The pursuit of growth through takeover or merger (TOM) has made a small, select group of executives, investment banks and consultants very wealthy while diminishing the wealth of a vast number of shareholders. Why do so many TOMs fail to deliver the perceived synergies and cost savings?

  • Synergies First of all, the synergy calculations are flawed. KPMG’s research, published in 1999, found that ‘83% of mergers were unsuccessful in producing any business benefit as regards shareholder value’. The simplistic view that savings can easily be made by removing duplication (finance, HR and IT etc) is flawed logic. It can take up to four years to merge the information technology platforms together, and even when this is achieved, many of the future efficiency and effectiveness IT initiatives have been put on the back burner.
  • Customer focus There is no better way to lose sight of the goal than a merger. Merging the operations will distract management and staff from the basic task of making money. While meeting after meeting occurs and sales staff focus on their futures, customers are left vulnerable to your competitors’ approaches. 
  • Culture clash Managing the aftermath of a TOM is like herding wild cats. Where have you seen cultures merged successfully? In reality, one culture tends to take over another. This is fine when one is fundamentally flawed. However, in many mergers, both entities have cultures that work. Now you have a problem. Many competent staff members may choose not to stay in a culture that does not suit their working style.
  • Heartless How long does it take for a company to develop a heart? This is more than just the culture; it includes the living and pumping lifeblood of the organisation. In my opinion it takes years. The merged organisation can be kept on life support but, just like a critical patient, it is effectively bedridden and will be in intensive care for some time.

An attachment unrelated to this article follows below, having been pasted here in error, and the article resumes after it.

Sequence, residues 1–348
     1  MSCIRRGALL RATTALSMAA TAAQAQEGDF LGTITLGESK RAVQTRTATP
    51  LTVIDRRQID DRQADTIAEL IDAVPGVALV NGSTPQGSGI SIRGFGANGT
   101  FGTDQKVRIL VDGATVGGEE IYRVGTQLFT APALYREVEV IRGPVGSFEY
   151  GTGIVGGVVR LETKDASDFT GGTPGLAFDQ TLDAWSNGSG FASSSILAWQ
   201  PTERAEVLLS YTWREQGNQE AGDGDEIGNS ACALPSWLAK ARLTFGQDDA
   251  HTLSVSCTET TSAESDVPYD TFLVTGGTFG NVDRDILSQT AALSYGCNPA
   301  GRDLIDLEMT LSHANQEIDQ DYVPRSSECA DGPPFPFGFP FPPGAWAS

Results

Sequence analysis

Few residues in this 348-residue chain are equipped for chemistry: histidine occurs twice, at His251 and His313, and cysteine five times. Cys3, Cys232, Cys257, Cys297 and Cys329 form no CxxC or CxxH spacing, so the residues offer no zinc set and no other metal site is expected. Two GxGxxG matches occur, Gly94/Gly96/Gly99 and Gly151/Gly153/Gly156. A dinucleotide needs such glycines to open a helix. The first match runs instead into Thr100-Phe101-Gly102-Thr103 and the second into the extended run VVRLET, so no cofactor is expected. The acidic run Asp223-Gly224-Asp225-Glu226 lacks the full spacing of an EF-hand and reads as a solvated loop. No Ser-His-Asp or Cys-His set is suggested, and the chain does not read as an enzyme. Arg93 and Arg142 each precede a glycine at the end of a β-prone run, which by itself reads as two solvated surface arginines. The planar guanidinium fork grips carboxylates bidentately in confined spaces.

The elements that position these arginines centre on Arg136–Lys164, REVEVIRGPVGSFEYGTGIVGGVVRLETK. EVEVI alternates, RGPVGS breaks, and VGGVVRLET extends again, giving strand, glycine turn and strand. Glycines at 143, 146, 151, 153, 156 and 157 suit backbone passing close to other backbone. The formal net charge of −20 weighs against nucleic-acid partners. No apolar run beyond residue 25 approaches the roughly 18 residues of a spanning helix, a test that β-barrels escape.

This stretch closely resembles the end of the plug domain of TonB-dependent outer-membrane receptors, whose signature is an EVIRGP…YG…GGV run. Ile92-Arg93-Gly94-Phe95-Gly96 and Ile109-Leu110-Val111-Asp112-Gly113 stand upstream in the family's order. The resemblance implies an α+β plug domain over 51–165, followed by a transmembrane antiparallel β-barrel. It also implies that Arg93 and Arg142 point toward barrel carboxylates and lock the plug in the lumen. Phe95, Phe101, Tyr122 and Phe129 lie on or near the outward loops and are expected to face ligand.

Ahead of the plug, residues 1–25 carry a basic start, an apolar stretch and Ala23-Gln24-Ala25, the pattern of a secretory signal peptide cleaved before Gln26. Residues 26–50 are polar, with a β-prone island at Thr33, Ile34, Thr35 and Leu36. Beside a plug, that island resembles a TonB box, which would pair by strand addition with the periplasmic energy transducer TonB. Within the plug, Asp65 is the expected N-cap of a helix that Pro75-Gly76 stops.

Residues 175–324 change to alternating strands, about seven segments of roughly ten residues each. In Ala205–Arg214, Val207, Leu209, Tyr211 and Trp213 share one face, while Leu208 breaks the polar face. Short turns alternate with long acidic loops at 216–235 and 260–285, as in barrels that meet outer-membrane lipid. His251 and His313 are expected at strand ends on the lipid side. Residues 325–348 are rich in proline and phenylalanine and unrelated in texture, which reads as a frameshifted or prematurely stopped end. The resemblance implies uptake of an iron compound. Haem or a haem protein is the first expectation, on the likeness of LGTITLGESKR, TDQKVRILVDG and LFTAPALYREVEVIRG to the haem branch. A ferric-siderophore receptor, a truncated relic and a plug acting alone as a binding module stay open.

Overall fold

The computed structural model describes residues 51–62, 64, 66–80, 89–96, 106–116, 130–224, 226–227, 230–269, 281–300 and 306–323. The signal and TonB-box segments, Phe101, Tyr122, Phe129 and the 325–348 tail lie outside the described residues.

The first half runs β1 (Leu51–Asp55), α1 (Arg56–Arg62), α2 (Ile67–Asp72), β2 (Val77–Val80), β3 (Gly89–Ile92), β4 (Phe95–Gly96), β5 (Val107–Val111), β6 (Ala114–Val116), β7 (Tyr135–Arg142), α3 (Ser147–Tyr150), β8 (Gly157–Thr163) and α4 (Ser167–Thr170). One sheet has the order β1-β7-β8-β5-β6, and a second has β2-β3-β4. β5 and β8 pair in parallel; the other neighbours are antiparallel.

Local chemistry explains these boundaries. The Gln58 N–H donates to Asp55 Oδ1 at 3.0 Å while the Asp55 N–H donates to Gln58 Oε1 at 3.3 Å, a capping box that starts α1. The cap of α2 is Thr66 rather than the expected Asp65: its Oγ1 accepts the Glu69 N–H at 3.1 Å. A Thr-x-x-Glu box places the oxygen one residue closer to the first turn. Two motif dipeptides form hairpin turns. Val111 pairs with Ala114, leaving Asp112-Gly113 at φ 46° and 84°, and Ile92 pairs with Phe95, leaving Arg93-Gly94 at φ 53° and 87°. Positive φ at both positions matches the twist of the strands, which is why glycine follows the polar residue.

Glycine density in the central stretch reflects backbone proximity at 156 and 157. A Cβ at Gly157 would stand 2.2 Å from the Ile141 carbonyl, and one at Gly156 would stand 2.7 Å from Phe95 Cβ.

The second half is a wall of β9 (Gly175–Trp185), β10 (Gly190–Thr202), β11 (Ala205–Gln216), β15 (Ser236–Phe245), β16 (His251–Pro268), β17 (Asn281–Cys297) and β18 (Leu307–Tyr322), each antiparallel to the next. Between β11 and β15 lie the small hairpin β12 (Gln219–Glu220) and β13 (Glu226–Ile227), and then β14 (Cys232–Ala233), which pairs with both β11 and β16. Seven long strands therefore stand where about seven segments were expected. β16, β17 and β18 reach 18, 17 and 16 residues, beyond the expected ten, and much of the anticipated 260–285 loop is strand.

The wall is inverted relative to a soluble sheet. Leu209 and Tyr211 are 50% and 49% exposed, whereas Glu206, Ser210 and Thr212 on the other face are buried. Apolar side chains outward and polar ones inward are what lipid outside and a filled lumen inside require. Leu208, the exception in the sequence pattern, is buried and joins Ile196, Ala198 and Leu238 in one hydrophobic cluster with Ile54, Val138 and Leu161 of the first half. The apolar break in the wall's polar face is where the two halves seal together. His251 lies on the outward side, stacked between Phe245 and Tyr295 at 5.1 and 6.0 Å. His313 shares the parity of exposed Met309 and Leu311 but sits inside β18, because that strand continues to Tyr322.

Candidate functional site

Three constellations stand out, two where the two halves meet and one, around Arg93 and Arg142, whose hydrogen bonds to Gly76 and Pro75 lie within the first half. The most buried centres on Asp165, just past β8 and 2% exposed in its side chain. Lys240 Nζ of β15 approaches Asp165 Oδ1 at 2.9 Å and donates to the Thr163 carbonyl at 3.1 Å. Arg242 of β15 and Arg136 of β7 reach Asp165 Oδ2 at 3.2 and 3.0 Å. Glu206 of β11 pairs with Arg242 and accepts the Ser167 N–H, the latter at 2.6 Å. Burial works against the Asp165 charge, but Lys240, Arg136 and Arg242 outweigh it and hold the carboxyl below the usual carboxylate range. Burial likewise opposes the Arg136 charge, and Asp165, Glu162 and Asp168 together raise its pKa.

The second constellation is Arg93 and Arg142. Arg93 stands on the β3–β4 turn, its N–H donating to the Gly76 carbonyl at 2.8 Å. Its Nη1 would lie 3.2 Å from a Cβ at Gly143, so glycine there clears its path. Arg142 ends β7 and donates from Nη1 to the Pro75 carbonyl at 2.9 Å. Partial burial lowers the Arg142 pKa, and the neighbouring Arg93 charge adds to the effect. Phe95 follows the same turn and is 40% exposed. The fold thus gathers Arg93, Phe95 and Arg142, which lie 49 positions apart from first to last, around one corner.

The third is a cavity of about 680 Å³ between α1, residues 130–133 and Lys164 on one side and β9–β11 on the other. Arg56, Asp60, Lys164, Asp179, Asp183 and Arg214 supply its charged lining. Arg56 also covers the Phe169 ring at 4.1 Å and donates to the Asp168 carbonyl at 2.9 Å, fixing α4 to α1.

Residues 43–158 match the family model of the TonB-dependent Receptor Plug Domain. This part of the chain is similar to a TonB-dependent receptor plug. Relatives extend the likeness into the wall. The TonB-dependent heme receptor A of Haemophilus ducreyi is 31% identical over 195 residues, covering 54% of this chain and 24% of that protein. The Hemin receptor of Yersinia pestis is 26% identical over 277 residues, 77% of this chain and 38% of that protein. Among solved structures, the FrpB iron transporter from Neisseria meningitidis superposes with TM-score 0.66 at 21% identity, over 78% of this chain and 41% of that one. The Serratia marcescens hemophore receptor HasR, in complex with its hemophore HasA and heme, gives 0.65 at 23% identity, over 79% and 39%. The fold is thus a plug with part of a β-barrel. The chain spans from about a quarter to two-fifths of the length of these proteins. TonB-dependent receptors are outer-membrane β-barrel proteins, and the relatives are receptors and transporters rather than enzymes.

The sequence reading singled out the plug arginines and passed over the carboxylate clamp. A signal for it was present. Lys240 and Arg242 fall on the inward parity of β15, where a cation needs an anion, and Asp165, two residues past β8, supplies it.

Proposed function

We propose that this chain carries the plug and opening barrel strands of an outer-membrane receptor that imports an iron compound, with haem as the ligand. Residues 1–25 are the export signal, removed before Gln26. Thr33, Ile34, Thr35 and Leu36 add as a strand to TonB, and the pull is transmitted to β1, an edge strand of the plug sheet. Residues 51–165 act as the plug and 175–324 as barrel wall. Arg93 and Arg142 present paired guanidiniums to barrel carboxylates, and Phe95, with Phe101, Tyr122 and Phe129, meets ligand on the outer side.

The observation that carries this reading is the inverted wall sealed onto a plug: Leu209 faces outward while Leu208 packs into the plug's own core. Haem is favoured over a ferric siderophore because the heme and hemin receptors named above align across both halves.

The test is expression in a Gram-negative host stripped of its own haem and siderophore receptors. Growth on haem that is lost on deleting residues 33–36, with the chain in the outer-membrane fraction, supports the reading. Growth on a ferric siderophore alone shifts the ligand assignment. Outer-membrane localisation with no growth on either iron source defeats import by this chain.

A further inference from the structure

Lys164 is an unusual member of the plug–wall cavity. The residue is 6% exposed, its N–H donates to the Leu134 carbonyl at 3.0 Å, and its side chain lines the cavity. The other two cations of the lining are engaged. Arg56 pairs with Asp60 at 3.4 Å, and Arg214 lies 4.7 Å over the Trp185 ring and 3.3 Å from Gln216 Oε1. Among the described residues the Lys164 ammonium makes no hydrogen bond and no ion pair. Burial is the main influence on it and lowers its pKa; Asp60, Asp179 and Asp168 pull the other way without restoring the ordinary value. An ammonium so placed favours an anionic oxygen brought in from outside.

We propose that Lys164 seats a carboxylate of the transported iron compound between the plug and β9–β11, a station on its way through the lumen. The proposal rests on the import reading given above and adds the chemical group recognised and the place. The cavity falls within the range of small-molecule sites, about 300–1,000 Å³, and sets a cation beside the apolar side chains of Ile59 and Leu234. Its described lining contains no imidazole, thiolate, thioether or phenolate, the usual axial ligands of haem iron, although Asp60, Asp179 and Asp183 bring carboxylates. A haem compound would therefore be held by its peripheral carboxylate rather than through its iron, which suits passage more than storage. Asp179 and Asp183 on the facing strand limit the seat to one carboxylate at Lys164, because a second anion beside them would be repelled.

• Survival of the unfittest I have a theory that the main beneficiaries of a merger are the piranhas – those managers who like to stick the knife in. Some could say they are addicted to this behaviour. The result is quite interesting; the merged company very soon becomes dysfunctional as more and more of these caustic managers rise to the top. These managers do not live and breathe the organisation; the ones who did have long since left.
  • Salary costs There are many financial time bombs that impact shareholder value. Severance packages can create further waste, as staff members – especially the talented staffers – leave before generous severance terms disappear. So to retain such people, further salary incentives need to be made that create further pressure on the bottom line. 
  • Lack of time A merger is like an auction where the buyer rarely has more than a cursory look at the goods before bidding. It is important not to limit due diligence in the haste to close the deal, as you tend to know less about each other than you think. The dirty laundry often takes years to discover and clean.

David Parmenter is a writer and presenter on measuring, monitoring and managing performance